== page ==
Introduction to Professional Learning Communities

A professional learning community or PLC is an opportunity for a group of colleagues within a specific field to  participate in collaborative learning.  Typically PLCs are used in schools as a way to organize teachers, students and/or community personnel into specific working groups where they can help enhance curriculum, share visions, contribute and encourage each other with the ultimate purpose of improving education.  Professional learning communities are the joining of Professionalism and Community.  It brings the specialized knowledge and focus of professionalism to the caring, responsibility and support within a group or a community

The Benefits of PLCs are to provide like minded individuals the opportunity to explore and reflect on current trends and conditions related to their shared interests. Through the process of inquiry learners form a shared network to resolve issues. The advantages of forming community practices is the increase of knowledge shared in the collaboration process. The virtual environment engages learners to role play and interact as a unit. The accrual of common interests builds relationships within the PLC. Thus, learning is expanded as a result of discussion and inquiry among peers and professionals.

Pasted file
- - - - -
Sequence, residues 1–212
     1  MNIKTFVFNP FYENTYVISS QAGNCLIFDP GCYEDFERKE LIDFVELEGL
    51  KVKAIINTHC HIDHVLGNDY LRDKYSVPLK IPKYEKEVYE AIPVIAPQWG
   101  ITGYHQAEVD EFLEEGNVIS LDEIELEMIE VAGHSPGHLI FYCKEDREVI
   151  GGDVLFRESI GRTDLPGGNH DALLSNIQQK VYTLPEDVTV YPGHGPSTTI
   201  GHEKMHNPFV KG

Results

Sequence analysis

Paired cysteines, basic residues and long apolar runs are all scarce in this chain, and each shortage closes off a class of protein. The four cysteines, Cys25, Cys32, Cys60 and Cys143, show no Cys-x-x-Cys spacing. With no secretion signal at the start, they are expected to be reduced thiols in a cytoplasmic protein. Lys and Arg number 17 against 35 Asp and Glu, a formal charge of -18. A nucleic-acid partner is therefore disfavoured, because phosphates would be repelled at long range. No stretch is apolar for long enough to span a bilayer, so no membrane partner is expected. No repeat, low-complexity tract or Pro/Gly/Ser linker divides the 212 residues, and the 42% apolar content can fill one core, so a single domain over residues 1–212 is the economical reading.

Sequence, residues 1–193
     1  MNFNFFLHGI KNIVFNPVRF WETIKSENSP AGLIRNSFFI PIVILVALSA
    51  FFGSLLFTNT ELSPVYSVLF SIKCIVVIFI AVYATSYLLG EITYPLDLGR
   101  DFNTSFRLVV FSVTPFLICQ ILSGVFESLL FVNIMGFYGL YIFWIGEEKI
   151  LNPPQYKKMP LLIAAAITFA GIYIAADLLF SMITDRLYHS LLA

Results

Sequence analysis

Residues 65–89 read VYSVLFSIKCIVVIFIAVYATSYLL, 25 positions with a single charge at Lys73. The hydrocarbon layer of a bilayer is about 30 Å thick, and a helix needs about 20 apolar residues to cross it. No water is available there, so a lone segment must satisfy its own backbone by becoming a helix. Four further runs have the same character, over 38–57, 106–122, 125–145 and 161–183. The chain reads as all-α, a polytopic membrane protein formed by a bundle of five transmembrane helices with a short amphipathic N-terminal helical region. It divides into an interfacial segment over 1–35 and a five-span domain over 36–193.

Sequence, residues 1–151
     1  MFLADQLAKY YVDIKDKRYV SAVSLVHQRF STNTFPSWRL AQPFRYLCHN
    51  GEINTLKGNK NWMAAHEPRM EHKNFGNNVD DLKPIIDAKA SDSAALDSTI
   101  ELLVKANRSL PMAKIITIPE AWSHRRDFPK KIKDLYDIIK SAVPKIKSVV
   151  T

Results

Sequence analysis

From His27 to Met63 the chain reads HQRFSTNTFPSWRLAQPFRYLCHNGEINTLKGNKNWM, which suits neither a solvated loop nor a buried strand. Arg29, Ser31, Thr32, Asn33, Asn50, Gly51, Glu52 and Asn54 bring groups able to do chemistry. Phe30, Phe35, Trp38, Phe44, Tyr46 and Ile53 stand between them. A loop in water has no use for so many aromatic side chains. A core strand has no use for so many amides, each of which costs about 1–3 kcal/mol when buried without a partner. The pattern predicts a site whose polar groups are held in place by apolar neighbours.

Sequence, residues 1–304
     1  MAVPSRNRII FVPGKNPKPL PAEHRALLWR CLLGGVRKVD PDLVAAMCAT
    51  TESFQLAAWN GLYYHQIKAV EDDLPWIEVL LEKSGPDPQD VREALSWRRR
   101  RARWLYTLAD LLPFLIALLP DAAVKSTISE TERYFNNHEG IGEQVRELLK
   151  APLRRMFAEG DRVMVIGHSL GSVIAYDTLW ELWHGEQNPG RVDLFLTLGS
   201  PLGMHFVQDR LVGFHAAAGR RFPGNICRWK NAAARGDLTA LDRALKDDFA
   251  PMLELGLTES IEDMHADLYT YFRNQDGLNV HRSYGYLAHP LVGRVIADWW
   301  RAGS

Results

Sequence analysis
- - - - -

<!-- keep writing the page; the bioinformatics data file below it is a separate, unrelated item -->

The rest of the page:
Examples of Professional Learning Communities include a group of teachers engaging one another for the purpose of creating a more consistent curriculum, a group of computer instructors collaborating and discussing which software applications to purchase and a team of administrators coming together to support one another with regard to implementing state standards. However, it is important to note that an effective PLC is not limited to grade level or school hierarchy. An effective PLC welcomes a feedback loop between school board officials, system and building administrators, the teaching staff, facilitators, community members, students and other school personal. In other words, PLCs are best exemplified as an attitude of shared leadership and team effort, of trust and cooperation, of open and honest discourse - and debate if and when necessary. A PLC is a bottom up approach rather than a trickle down system in which administrators rule with perceived omniscience.